This release, Volume 1 of a projected Bridge series,
usefully combines works spanning twenty years of Bridge’s composing
life and, as such, provides a most interesting and revealing survey
of his musical progress.
The earliest piece is the tone-poem Mid of the
Night completed as early as 1903 and first performed in 1904.
Then the piece lay forgotten for more than ninety years! As might be
easily guessed, this work is hardly characteristic of Bridge though
it already exhibits a quite remarkable orchestral mastery. The shadow
of, say, Tchaikovsky and Liszt looms large, but Bridge’s means were
obviously up to his ambitions for this is a quite substantial work and
a worthwhile addition to this composer’s discography. A most welcome
novelty indeed for now we clearly know from where Bridge started.
Isabella, written a few years later in
1906, shows a clear advance in terms of structure rather than of idiom.
It is another example of Bridge’s ability to write in long paragraphs
even if the work’s program still adheres fairly strictly to Keats’ poem.
Bridge’s achievement is the more remarkable for this reason. One of
its most endearing features is the warm lyricism it exudes. There are
some wonderful themes, such as the one started on oboe representing
Isabella, and some fine orchestral touches. Bridge’s mastery is again
evident throughout. This lushly and warmly scored piece was recorded
many years ago by PEARL (SHE 568, maybe available in CD format now).
The Two Poems of 1915 may be somewhat
better known for they were also recorded years ago (LYRITA SRCS 104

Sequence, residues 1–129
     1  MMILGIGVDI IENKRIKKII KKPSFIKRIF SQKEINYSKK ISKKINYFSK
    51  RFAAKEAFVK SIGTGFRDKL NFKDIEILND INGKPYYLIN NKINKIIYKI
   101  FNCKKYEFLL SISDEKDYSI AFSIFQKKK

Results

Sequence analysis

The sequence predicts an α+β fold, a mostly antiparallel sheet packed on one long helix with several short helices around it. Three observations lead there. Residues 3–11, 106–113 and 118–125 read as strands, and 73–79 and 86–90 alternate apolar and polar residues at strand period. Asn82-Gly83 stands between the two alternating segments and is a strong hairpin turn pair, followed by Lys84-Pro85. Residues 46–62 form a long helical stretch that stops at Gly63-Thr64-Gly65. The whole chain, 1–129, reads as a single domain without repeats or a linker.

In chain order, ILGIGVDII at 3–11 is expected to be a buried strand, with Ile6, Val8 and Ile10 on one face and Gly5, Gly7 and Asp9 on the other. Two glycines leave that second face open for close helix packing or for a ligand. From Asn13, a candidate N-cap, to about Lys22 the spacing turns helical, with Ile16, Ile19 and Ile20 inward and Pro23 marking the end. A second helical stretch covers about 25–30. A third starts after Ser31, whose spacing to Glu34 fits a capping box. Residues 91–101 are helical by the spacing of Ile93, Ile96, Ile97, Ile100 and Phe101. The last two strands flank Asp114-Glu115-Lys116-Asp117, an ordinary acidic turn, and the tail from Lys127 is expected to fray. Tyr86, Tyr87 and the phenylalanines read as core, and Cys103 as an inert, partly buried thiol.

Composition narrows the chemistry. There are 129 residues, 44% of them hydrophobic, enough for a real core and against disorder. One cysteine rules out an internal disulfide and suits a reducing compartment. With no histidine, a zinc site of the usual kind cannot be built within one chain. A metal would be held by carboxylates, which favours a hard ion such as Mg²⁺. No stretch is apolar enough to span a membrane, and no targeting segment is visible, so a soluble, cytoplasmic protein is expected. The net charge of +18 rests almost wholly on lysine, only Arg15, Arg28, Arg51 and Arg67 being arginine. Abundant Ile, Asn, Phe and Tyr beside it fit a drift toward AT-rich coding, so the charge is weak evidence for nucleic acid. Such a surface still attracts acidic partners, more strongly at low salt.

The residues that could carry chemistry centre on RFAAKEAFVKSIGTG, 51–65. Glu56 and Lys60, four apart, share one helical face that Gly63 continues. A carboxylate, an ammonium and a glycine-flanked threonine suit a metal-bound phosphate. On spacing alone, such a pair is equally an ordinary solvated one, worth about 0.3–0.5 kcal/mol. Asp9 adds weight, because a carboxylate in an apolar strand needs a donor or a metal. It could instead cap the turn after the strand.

nla and unfortunately not re-issued in CD format at the time of writing).
These short pieces are based on texts by Jefferies and might still be
considered as tone-poems though they evoke more complex emotions that
are reflected in the idiom used by Bridge. In these pieces he may have
been quite near to the world of Delius and to that of French Impressionism
(actually they may be the sole piece by Bridge which might have brought
him towards larger audiences). The first piece is a lovely Pastorale
lightly and subtly scored whereas the second one is a lively colourful
Scherzo. As such the Two Poems may be viewed as
a transitional work in Bridge’s output for he did not actually continue
composing in this vein. Indeed, the aftermath of World War I was to
shatter Bridge’s newly acquired status. His style will soon change dramatically
and become more radical, and his first major piece after the War (the
powerful Piano Sonata) in which Bridge’s more radical
thinking is prominent, will estrange him to his later audiences for
too many long years.
Enter Spring of 1927 is one of Bridge’s
finest mature works. This richly and subtly scored rhapsody shines as
a pure jewel. It is a sunny, colourful, exuberant work in which Bridge’s
supreme orchestral and formal mastery is at its greatest. Bridge’s remarkable
scoring abounds with invention and imagination, especially in the central
pastoral section which is magical. The work exults in a brilliant peroration
evoking the arrival of Spring in a most lush and grand manner. Later,
Bridge’s maturity will yield some other wonderful masterpieces, such
as the last string quartets, the superb Second Piano Trio and – above
all – his unquestionable masterpiece Oration for cello
and orchestra. But Enter Spring is undoubtedly the first
of Bridge’s late masterpieces.
So, this Volume 1 augurs well for the rest of this
new series. Hickox conducts finely paced performances of all these pieces
and the BBC National Orchestra of Wales respond with wholehearted enthusiasm
and dedication. Warmly recommended.